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According to newly published research, Morocco is ranked 5th in the world for clean innovation. The index is produced by MIT and published in “The Green Future Index” sponsored by Salesforce, Citrix, and Morgan Stanley.

The research was conducted through in-depth secondary research and analysis as well as interviews with global experts on climate change, green energy, and technologies that will drive decarbonization.

It measures the degree to which 76 countries and territories are moving towards a green future by reducing their carbon emissions, developing clean energy, innovating in green sectors, and preserving their environment, as well as the degree to which governments are implementing effective climate policies. 

The Clean Innovation Index reflects each country’s relative number of green patents, cross-border investment in clean energy, and private investment in foodtech.

Over a decade ago, the King of Morocco began a national debate about the future of energy, resulting in a fundamental policy redesign and a goal that renewables would produce 42% of the country’s power by 2020—a target that has now been raised to 52% by 2030.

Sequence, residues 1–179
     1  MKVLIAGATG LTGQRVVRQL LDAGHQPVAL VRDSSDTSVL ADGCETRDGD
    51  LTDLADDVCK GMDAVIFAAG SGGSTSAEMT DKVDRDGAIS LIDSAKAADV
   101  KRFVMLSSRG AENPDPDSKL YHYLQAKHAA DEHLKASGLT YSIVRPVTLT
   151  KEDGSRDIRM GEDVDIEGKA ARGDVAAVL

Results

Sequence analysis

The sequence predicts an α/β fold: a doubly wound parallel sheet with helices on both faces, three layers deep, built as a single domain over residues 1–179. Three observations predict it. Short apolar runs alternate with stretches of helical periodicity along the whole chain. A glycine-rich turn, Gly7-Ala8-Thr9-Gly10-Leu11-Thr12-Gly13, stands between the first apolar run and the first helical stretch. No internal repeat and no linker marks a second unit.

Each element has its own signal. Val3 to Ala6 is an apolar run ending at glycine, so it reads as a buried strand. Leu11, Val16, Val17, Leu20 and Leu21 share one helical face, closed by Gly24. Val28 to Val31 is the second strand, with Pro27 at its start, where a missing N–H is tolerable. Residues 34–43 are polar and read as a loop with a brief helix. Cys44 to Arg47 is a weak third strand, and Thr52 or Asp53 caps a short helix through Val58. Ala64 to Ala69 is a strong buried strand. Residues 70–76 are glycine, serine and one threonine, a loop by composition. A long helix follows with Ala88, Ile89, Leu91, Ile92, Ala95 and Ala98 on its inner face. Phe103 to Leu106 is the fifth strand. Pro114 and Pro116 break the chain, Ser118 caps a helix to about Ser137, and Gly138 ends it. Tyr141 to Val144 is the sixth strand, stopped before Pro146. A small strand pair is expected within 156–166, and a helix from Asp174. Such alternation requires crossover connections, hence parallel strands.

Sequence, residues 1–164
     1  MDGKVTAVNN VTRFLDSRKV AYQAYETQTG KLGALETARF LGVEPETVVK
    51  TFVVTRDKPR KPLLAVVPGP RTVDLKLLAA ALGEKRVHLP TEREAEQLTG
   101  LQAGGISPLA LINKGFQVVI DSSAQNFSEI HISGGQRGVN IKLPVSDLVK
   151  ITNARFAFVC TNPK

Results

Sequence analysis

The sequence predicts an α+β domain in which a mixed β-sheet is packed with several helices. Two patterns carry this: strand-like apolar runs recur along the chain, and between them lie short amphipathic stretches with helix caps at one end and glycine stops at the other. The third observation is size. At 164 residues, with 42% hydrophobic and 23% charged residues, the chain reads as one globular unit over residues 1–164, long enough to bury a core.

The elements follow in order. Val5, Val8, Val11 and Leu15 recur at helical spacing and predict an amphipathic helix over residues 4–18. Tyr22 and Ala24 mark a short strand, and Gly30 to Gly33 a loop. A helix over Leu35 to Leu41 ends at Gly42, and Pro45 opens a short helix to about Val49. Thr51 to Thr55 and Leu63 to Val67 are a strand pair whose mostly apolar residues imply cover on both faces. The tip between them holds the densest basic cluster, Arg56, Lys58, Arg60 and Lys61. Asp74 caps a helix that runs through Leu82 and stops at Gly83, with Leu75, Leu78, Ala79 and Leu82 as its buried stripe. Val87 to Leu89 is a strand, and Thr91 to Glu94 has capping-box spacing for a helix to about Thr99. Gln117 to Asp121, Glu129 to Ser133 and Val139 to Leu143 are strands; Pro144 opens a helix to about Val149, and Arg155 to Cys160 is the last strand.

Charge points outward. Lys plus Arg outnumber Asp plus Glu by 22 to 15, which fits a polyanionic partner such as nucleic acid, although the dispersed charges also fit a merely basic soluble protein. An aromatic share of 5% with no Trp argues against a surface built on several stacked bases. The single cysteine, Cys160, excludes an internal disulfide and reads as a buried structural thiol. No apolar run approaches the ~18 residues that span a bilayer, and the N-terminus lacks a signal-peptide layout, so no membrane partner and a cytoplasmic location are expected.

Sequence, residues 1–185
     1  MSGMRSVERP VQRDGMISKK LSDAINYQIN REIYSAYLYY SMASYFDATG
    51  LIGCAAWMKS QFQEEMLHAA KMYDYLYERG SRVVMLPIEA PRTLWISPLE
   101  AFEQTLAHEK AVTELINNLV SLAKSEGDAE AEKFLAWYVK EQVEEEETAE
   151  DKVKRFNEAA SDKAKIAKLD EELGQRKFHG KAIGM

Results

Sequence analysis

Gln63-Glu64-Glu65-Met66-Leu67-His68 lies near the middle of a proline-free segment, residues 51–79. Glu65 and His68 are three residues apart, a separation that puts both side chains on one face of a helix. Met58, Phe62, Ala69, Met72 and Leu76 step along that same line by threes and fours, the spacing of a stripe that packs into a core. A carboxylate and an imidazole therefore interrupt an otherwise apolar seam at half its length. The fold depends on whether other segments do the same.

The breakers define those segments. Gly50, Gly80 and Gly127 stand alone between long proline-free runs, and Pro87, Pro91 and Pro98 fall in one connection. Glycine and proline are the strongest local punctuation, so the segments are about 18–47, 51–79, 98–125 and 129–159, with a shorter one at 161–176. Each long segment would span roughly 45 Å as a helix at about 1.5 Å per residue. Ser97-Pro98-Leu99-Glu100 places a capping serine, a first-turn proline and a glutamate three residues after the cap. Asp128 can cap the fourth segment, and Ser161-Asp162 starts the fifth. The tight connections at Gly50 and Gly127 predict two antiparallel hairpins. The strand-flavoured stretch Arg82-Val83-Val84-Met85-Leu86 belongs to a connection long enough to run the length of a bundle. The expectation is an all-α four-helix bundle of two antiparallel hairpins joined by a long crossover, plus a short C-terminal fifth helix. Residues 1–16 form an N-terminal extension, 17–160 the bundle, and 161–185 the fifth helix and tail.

In addition to developing strong wind and solar sectors, says Said Mouline, CEO of the Morocco Agency for Energy Efficiency (AMEE), Morocco has also successfully driven down cost.

(Extract from the MIT Green Future Index Report 2021).

“At less than $0.03 per kilowatt hour, renewables are now our cheapest way to produce electricity.” Fossil fuel subsidies have been eliminated and replaced with energy transition programs, for example to replace gas-fuelled farm irrigation with solar-powered pumps. Nearly 40,000 pumps have been installed to date. Another program provides solar conversion incentives for steel and cement producers and mining companies.

Mouline envisions Morocco becoming a regional climate advocate within Africa. “Today in Africa we have 600 million people who don’t have electricity, and we have the tools and capabilities to help leverage renewables to bridge that gap.” AMEE created a capacity-building centre in Marrakesh to train Africans from other countries in areas like renewable electrification and sustainable pumping for agriculture.

Morocco is also looking north to Europe. Some 60% of wind turbine blades produced in a new Moroccan factory will be for the export market, mainly to Europe. Decarbonization will be essential to align with Europe’s New Green Deal, as well as capitalize on its opportunities. “Europe’s recovery plans will involve billions in hydrogen investment—we are now pushing to develop hydrogen resources, including storage technology and ammonia production to align with those aspirations. It is our new mission as an agency.”